RIYADH, SAUDI ARABIA, FEB. 7 -- The number of aerial raids against elite Iraqi Republican Guard forces and regular troops will increase dramatically in the coming days, senior allied military officials said today.

Bombers and attack planes have begun directing precision missiles and "smart" bombs at Iraqi artillery -- considered the most lethal threat to American and other allied ground troops, according to high-ranking military officials and pilots regularly flying attack missions over the battlefield.

Military authorities said warplanes will continue to attack bridges, railroad tracks and communications lines in an effort to strangle Iraqi ground forces, but officials said attacks will increasingly concentrate on the fighting tools of the Iraqi troops. Highest on the target list are the artillery and entrenched tanks of the Iraqi forces in Kuwait and southern Iraq, officials said.

"We've been isolating the battlefield," said one U.S. military official. "Now we're focusing energy on the forces we may have to fight. We're not going to fight in Baghdad, we're going to fight down here" in Kuwait.

The commander of the British forces in the gulf, Lt. Gen. Peter de la Billiere, told reporters today, "I believe the land war is inevitable." He added that allied troops are "now moving on to the next phase" in preparation for a ground war and said the air attacks of the past few days are "minor compared to what they've got coming."

Although U.S. military commanders quickly attempted to distance themselves publicly from the British assessment, the preparations for a ground attack are expected to dominate the agenda this weekend when Defense Secretary Richard B. Cheney and Army Gen. Colin Powell, chairman of the Joint Chiefs of Staff, meet with senior U.S. commanders here.

Pilots flying regularly over Kuwait and southern Iraq describe a perpetually changing environment, the product of repeated allied bombings followed by repeated enemy retrenchments.

"There are areas where they are digging in, there are areas where they have left in a hurry, and there are areas littered with broken, burned-out vehicles," Air Force Capt. Jon Engle told combat pool reporters. "Every day we go out and kill a few more tanks and knock out a few more artillery sites. And every day that's that many less tanks that our ground guys are going to have to face when they finally push on in."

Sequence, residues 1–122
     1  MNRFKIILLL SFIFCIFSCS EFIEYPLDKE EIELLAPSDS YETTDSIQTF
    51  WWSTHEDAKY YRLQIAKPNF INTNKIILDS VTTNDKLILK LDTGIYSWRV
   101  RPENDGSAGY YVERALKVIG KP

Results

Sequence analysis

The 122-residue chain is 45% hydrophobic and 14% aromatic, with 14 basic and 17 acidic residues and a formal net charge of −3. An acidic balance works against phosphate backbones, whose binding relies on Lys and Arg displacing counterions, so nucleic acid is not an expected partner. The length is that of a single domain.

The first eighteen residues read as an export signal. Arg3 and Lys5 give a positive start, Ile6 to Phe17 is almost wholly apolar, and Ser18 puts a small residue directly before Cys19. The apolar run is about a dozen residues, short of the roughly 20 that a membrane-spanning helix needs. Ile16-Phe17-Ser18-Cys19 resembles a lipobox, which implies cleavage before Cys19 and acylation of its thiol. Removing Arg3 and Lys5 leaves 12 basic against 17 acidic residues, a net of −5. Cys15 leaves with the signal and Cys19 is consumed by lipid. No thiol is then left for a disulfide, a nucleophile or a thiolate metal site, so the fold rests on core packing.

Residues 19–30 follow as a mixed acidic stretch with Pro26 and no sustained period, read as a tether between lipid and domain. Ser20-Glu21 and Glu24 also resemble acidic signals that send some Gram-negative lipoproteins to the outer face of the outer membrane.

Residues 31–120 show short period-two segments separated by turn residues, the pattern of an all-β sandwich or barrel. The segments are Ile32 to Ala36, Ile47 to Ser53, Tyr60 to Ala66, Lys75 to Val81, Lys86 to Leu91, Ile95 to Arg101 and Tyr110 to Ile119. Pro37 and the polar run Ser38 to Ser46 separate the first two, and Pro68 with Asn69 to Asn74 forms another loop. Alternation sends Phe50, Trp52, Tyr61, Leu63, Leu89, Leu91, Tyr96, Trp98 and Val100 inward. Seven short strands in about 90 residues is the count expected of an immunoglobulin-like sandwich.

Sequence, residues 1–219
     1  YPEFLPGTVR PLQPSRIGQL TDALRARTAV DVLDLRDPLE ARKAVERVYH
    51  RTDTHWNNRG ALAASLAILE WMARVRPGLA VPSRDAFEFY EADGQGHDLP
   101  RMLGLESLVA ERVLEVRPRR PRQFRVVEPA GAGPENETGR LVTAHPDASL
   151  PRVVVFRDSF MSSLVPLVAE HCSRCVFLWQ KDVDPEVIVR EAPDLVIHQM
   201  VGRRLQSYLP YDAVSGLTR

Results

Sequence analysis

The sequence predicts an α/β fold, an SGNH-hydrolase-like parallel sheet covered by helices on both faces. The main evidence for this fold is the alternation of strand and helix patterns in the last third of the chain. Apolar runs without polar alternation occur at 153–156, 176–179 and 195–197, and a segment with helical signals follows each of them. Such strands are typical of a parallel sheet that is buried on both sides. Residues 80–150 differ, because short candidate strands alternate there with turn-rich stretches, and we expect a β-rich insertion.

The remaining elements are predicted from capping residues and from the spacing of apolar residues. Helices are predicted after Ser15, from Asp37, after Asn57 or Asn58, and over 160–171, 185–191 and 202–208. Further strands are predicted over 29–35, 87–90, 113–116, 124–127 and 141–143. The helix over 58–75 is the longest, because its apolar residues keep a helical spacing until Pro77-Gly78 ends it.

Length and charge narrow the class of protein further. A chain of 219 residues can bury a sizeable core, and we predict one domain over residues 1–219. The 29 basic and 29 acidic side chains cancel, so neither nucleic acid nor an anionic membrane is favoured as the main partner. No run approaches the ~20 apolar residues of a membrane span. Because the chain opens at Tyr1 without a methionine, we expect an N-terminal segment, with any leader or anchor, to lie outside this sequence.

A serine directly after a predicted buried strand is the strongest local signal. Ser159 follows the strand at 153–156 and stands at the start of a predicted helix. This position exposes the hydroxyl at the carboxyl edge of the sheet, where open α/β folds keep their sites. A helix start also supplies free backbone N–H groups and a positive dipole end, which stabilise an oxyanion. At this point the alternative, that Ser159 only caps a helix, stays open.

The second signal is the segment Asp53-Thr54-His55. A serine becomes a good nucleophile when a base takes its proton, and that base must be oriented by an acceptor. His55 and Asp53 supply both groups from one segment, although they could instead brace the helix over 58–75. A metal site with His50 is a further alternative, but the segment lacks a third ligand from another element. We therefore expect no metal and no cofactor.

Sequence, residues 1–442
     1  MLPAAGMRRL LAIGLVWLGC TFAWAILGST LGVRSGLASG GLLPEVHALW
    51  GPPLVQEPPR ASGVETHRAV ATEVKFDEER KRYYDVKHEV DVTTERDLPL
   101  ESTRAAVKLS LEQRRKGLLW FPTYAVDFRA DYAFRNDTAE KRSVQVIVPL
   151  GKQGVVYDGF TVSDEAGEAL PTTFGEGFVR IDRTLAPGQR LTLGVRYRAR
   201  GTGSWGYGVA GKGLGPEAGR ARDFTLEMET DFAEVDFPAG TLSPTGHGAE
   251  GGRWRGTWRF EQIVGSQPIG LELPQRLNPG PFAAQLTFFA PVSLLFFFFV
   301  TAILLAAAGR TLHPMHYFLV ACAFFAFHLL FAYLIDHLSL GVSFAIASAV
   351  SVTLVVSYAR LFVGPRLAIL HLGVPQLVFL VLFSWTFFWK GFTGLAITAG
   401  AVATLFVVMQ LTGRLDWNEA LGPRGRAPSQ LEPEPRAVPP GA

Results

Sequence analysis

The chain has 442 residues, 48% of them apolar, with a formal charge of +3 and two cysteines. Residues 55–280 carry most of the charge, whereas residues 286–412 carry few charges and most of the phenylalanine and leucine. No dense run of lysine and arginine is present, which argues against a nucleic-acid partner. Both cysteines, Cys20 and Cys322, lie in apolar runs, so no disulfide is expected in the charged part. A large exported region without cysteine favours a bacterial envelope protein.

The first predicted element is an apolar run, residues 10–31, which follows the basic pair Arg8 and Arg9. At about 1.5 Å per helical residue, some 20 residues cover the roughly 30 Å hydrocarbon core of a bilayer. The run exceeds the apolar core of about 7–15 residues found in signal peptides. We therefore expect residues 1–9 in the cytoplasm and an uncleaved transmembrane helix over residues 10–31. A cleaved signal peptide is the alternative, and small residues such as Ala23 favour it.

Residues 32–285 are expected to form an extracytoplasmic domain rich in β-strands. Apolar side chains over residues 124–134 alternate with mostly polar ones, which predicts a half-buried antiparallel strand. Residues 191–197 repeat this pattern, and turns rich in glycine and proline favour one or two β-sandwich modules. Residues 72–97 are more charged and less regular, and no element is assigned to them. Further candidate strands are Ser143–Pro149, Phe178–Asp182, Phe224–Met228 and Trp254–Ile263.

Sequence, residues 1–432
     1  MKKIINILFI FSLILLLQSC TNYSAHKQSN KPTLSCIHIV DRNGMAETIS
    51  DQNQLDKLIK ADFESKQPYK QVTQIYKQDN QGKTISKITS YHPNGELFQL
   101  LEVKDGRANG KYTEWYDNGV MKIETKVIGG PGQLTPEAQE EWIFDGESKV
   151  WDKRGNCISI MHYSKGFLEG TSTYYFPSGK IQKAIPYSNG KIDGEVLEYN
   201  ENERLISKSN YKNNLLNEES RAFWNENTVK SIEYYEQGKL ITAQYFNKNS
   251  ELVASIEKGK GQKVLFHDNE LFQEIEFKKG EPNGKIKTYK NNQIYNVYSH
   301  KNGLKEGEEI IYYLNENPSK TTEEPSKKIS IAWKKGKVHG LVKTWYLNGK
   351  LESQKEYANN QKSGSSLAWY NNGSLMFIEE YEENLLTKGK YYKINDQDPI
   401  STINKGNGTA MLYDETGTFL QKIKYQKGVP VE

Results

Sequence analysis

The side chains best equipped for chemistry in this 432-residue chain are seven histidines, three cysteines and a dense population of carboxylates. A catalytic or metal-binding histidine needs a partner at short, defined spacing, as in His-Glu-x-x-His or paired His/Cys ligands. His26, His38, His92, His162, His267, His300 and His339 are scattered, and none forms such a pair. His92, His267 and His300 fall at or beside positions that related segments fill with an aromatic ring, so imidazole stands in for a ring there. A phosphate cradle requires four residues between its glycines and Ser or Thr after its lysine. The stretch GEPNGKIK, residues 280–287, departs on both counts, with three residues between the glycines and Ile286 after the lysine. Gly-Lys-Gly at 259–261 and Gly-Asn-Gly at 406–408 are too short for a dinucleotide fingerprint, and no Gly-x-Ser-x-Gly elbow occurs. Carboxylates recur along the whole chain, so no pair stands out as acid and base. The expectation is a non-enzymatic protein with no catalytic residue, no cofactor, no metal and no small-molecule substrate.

Officials said the large concentrations of Republican Guard troops are entrenched on the northwestern Kuwaiti border with Iraq, while second-echelon troops are dispersed throughout Kuwait.

"We want to take him at his weakest points," said one military official, describing a possible ground assault against the forces of Iraqi President Saddam Hussein. "We'll isolate a pocket, then go around it -- it will be a high-tempo operation if it's ever executed."

Because Iraqi forces were highly successful in their artillery attacks against Iran during the eight-year war between those two nations, one senior U.S. commander said "artillery is a high priority in all echelons" of Iraqi forces, from the Republican Guard to the front-line forces in Kuwait near the Saudi border.

The highest-profile bombing against troop concentrations to date has come from B-52 Stratofortress strikes with 1,000-pound bombs. Bombs also available -- but not currently in use -- are "fuel-air explosives" that release a cloud of flammable mist just above the ground and ignite in a fireball that resembles a nuclear blast, and "gators" that sprinkle small mines on highways, creating a deadly hazard to vehicle convoys.

But pilots say these weapons -- tremendously effective against large targets -- do not perform as well against single artillery emplacements and tanks. For this, pilots have begun switching to more precise weapons -- laser-controlled "smart" bombs and rockets like the infrared-guided Maverick air-to-ground missile.

"An incredible weapon," said Maj. George "Jet" Jernigan, an F-16 attack-jet pilot who said he destroyed a tank with one of the missiles on Tuesday. "I wouldn't particularly want to be a tank driver on the other side right now."

Saudi fighter pilots, expressing boredom with escort duty and air patrols against an Iraqi air force that will not challenge them, have replaced some of their air-to-air missiles with Mavericks and have gone hunting for ground targets.

And the low-tech A-10 Thunderbolt II attack plane, which has no radar, uses the Maverick's cockpit video display to select targets for its other weapons. The Maverick system has become central to the A-10's unaccustomed role as a night fighter.

And as the air war moves from strategic "hard targets" to the "softer" troop concentrations and equipment, the allies are drawing more heavily on A-10s and other tactical attack aircraft designed for close air support of troops and for strikes against single targets on the battlefield. The A-10 has come to play an increasingly important role in the air war's transitional phase, winning praise as a hunter of single targets, including everything from artillery and tanks to fuel dumps and radar sites.

A week after the war began, A-10s in a single night destroyed six permanent Scud missile sites, three temporary sites and three mobile launch pads, according to military reports reaching combat pool reporters in the field.